“Christ Blessing”, Giovanni Bellini, c. 1500, Kimbell Art Museum, Forth Worth, Texas.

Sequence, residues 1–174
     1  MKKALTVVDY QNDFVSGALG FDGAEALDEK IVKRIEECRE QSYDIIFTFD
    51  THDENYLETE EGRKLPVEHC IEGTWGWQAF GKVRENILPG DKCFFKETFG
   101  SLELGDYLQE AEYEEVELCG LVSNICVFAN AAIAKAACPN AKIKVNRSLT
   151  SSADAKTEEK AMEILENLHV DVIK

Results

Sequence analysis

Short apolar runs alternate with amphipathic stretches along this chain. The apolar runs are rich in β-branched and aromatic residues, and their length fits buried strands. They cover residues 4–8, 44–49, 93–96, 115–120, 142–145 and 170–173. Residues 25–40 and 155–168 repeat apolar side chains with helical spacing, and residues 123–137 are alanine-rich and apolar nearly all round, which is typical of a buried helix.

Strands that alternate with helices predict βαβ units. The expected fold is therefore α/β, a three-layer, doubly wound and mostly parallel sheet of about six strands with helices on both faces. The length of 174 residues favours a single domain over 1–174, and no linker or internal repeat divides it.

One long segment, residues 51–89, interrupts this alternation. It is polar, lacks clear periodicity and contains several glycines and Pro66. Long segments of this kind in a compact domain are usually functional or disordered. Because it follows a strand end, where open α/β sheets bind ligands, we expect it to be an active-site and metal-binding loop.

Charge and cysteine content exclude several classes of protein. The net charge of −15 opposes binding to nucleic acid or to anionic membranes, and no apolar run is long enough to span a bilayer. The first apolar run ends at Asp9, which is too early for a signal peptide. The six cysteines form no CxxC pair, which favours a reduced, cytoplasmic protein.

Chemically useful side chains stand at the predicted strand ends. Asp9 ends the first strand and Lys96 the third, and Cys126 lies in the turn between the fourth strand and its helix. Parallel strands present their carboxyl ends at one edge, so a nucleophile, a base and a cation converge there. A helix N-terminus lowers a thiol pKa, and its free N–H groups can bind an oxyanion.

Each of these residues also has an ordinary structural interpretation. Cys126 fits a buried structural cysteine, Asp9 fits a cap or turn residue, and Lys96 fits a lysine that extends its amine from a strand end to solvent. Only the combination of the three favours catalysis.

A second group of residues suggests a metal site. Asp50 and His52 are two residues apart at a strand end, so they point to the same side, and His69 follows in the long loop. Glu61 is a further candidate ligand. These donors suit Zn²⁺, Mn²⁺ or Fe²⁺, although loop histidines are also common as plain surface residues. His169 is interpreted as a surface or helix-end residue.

The Risen Christ raises his right hand in blessing. Behind him the sun has not yet risen. To the right, there are some figures visible in the distance. These are surely the women making their way to the tomb very early on the first day of the week. By the time the sun has risen they will have found the tomb empty. On the left, the bare tree with its lone bird is familiar from other paintings by Bellini. The tree represents the old order which is passing away. The church tower on right is a symbol of faith in the Risen Christ, the Eucharist, and, therefore of Christ’s sacrifice and presence with us. On the left just below his hand raised in blessing a shepherd watches his flock reminding us that Christ is the Good Shepherd. With his left hand Christ holds a staff. This is the staff on which the banner of the resurrection is unfurled. You can see the wound made by the nail in Christ’s raised hand and that made by the spear in his side. The The hand raised in blessing casts a shadow on Christ’s torso, giving visual testimony to the reality of his bodily resurrection. But what is extraordinary about this painting is the way the landscape and the figure of Christ co-exist in a delicate and beautiful harmony. Often resurrection scenes seem a bit awkward, but here, no element seems forced or contrived. Figure and landscape blend like a seamless garment. This is true to of the figure of Christ, who is fully human and fully divine. A contemporary poet commenting about a figure of Christ by different artist, wrote that had it been painted by Bellini, it would’ve been “much more human and more divine”. Bellini sets before us a figure of the Risen Christ in which humanity, divinity and the whole creation co-exist beautifully. Bellini evokes the truth of the incarnation and the resurrection, the beauty of the Risen Christ’s gentle presence in our world, and reminds us, that the Risen Christ will always with us and his blessing will always be upon us.
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